‘Let's talk about it' – families urged to discuss organ donation amid steady rise in children waiting on heart transplants
FIGURES showing a significant increase in children waiting for a heart transplant underline the urgent need for families to have difficult conversations about organ donation.
That’s the message from the family of five-year-old Belfast boy Dáithí Mac Gabhann, who has been on the waiting list for a new heart for four years.
The comments from the ‘Donate4Dáithí’ campaign come as figures from NHS Blood and Transplant revealed the number of children waiting on a heart UK-wide increased year-on-year from 26 in March 2018 to 49 in July 2022.
The NHS body said 36 children received a heart transplant in 2017/18. But in the last four years, that number has averaged between 25 and 26 per year.
New legislation, known as ‘Dáithí’s Law’, is due to become law in Northern Ireland in the Spring of 2023.
The law will introduce an ‘opt-out’ system for organ donation, but only among adults.
The ‘Donate4Dáithí’ campaign said it highlights the need for families to engage in difficult conversations.
Responding to the growing waiting list, Dáithí’s family said: “This is why our campaign cannot afford to lose any momentum. Talking about organ donation can be difficult for people, especially when children are involved.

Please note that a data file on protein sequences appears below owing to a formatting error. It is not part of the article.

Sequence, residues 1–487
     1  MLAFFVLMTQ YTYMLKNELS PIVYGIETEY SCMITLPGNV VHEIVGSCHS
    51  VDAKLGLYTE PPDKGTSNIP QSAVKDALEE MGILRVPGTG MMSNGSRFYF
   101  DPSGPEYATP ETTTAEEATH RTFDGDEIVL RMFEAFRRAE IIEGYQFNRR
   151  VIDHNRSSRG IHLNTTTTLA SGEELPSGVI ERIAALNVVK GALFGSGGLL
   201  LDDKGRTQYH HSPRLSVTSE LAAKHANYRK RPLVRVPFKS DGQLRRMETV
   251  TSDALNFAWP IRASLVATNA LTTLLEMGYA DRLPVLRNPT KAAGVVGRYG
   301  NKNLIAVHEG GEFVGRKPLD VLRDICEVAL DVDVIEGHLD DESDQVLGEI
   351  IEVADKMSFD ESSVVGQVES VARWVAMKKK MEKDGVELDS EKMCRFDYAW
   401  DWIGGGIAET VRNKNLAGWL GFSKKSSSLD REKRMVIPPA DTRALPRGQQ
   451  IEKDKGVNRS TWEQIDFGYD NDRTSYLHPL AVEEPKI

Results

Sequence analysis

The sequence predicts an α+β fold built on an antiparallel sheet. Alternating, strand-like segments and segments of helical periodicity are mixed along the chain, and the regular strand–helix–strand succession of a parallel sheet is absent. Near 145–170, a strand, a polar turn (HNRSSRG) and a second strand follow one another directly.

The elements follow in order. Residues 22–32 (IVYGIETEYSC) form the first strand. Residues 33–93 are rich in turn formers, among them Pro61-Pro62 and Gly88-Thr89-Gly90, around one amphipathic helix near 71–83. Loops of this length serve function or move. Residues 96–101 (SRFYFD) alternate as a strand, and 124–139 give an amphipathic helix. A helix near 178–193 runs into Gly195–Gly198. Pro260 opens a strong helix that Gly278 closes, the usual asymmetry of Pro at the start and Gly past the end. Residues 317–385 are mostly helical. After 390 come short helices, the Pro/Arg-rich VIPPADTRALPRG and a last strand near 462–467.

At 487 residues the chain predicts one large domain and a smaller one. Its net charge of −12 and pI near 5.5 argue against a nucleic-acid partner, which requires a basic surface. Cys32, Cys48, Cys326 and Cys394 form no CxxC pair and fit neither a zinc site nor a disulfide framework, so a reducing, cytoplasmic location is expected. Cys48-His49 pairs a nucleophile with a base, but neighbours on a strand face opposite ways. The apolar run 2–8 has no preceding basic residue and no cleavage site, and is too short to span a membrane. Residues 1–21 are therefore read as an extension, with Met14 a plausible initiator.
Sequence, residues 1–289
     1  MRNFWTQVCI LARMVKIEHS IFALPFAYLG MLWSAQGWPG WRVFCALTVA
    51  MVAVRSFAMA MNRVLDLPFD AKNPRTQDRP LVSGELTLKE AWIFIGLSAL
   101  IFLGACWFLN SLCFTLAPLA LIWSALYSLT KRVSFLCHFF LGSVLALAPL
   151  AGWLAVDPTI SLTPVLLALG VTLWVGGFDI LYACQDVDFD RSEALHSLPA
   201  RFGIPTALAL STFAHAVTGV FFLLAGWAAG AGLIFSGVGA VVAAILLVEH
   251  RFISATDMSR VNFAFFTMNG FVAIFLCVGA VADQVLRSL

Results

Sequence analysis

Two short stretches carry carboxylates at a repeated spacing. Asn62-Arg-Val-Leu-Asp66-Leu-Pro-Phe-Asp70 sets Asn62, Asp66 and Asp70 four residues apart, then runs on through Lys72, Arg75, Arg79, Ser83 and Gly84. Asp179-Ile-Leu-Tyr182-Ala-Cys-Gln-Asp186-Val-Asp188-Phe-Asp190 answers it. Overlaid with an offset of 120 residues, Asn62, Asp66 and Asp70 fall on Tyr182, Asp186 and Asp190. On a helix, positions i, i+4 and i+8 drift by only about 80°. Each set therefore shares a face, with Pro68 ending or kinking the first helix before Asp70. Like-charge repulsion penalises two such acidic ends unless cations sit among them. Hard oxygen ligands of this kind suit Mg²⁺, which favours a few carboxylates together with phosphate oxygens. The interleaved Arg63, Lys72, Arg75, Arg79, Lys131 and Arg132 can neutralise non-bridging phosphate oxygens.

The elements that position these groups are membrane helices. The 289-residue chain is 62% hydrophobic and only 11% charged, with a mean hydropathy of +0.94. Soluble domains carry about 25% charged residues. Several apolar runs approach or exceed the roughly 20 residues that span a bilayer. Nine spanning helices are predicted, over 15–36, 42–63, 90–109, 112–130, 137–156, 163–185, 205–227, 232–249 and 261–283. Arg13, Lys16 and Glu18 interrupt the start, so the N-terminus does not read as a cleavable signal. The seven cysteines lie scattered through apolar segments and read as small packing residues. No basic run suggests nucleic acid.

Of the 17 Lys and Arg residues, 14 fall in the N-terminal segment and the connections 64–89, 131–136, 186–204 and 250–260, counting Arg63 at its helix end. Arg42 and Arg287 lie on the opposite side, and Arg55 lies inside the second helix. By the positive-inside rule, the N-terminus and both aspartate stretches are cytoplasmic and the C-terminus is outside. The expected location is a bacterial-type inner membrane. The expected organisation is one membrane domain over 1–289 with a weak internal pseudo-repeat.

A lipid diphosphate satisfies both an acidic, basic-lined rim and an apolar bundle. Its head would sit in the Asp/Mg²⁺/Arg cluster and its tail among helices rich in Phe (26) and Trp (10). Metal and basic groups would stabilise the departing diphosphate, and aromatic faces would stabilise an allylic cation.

“However, having conversations with families and parents the past few years we do feel that our society is ready to hear more about paediatric organ donation, and challenge these statistics.
“Having these challenging conversations can create hope for Dáithí and the 48 other children, and all those other people waiting on a life-saving transplant.”
That message has been echoed by Stormont’s Department of Health, which said the figures “underline the urgent need that exists for organ donors to come forward”.
A spokesperson for Robin Swann’s department said: “Dáithí and the other 48 children across the UK who are on the waiting list for heart transplants depend on families, at one of the most painful moments in their lives, to consider making a decision to offer the chance of providing a life-saving opportunity to another child.”
The statement said when Dáithí’s Law comes into operation “it will strengthen the current legislative framework around organ donation and will increase the current rate of consent in the small number of cases in which it is clinically possible for organ donation to proceed after a person’s death”.
In a separate statement, a spokesperson for the UK wide NHS Blood and Transplant said: “There has been an increase in the number of children on the waiting list for a heart transplant, technology like Berlin hearts increases the length of time a patient can wait, giving more time to find a donor.
“The number of children who donate each year is low, at around 50, and the number whose heart is suitable for donation is even lower.
“The size of the heart then needs to be matched to the patient so it is challenging to find hearts for those children waiting.
“Families of children are also less likely to say yes to organ donation.
“We encourage all families to talk about organ donation, with their support we could save even more lives.”
To sign the organ donor register or for more information, visit organdonationni.info.